Here’s my summary of the key events from overnight, with news the Chinese are increasingly concerned at their debt levels.
But first in the US, final data confirmed a sharp fall in labour productivity in the June quarter (something we have reported earlier), but the reason is that unit labour costs are rising fast there, up +4.3% in the past year, +3.7% of which was due to a rise in pay and benefits. And part of that is from a growing skills gap.
All eyes will be on tomorrow’s release of the August non-farm payrolls report in the US. This will be key to how the Fed deals with its interest rate settings on September 23.
Soft American car sales may be a reason. GM’s domestic sales were down -5.2% in August while Ford was down -8.2%. Chrysler was up however by +3%. Unsurprisingly perhaps, given their reputation woes, VW-US saw a -9% fall.
China is playing hard-ball with Australia, banning one dairy company supplying fresh milk products and putting 41 others ‘under supervision’. The claim is that they are selling diseased milk, something vigorously rejected by the dairy companies involved.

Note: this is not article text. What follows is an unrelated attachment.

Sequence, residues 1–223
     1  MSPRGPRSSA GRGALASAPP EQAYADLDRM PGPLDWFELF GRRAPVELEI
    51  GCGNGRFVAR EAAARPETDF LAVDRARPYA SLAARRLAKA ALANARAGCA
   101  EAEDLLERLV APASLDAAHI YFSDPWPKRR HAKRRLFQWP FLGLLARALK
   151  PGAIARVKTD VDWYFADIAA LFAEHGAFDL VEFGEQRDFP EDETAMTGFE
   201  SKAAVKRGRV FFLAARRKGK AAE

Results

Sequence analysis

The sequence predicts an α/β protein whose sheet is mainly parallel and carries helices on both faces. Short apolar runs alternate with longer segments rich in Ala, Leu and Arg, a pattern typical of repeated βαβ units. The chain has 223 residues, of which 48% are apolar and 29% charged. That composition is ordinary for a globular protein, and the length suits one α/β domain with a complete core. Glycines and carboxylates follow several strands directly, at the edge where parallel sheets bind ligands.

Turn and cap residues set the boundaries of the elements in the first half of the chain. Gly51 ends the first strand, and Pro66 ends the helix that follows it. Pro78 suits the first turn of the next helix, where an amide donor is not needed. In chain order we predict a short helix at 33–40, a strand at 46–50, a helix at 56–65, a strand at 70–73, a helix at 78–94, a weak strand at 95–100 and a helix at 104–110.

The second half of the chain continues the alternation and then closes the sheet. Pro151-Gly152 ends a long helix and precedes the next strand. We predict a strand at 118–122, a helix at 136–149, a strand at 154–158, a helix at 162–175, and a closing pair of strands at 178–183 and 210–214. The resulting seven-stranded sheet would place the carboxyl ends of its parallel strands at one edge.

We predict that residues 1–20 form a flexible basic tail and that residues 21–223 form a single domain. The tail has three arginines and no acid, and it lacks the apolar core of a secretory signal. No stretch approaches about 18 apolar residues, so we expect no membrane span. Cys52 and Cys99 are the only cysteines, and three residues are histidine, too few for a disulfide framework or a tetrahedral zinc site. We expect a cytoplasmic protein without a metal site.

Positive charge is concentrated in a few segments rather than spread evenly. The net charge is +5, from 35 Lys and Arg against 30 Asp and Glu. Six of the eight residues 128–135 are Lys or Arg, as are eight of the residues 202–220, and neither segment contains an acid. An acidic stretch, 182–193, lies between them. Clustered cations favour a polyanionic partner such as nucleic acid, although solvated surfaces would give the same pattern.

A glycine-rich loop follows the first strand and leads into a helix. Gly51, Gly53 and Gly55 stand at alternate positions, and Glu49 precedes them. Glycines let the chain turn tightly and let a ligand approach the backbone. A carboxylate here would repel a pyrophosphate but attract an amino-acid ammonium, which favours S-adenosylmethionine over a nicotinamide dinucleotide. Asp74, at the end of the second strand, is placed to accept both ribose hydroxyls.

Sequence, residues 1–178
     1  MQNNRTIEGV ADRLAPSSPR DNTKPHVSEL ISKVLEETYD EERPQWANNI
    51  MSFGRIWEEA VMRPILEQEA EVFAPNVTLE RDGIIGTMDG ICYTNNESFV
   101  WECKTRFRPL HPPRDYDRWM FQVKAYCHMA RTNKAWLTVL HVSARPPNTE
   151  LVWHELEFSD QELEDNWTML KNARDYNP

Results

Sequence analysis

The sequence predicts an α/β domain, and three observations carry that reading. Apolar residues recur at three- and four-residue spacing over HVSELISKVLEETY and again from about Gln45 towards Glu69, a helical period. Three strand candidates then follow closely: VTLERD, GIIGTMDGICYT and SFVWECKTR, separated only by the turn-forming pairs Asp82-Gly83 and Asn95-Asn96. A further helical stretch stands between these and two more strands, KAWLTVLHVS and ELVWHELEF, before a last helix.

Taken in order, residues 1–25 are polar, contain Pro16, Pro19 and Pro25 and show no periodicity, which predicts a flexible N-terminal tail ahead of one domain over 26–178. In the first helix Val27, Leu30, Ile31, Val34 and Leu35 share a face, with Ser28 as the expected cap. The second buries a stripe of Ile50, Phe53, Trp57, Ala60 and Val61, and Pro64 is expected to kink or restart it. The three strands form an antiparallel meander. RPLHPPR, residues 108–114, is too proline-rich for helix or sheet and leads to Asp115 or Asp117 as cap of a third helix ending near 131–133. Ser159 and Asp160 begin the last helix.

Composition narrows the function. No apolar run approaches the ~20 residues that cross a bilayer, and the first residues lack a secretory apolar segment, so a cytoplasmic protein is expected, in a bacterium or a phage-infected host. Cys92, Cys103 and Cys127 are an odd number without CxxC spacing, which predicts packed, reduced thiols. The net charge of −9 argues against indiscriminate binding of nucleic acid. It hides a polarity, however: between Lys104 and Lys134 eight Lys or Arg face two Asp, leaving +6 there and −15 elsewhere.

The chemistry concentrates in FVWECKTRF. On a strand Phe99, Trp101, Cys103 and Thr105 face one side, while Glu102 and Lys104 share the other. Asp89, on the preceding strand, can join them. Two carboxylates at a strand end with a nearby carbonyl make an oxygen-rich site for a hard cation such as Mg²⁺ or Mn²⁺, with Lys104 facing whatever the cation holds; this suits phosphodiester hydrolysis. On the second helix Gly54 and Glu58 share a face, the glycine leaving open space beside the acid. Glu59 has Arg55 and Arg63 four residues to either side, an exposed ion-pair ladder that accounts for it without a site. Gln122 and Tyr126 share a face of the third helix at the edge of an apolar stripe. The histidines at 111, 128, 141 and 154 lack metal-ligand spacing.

And staying in China, their National Institution for Finance and Development issued a report overnight raising alarm over the growth of debt in the country. Economists at a forum releasing the report said China needed to rein in the “barbarous growth” of the debt and reverse the “poisonous” obsession with borrowing from banks. Estimates of China’s leverage ratio vary but there is consensus that the corporate sector, especially bloated state-owned enterprises, are the riskiest borrowers. While they can chronicle the rise and heady levels, the report writers could not offer any easy solutions to the problem.
We have been reporting on driverless cars recently. Today brings news of the launch of a driverless tractor.
In New York, the UST 10yr yield is unchanged at 1.57%.
The oil price is down again today with the US benchmark price now just over US$43 a barrel, while the Brent benchmark just over US$45.50 a barrel. Over the past few days, this represents quite a retreat in the oil price. Despite this, China has raised fuel prices today.
The gold price is up marginally, now at US$1,312/oz.
The New Zealand dollar is essentially unchanged from this time yesterday. It’s now at 72.7 US¢, 96.4 AU¢ and 65 euro cents. The TWI index is still at 76.2.
If you want to catch up with all the local changes from yesterday, we have an update here.
The easiest place to stay up with event risk today is by following our Economic Calendar here ».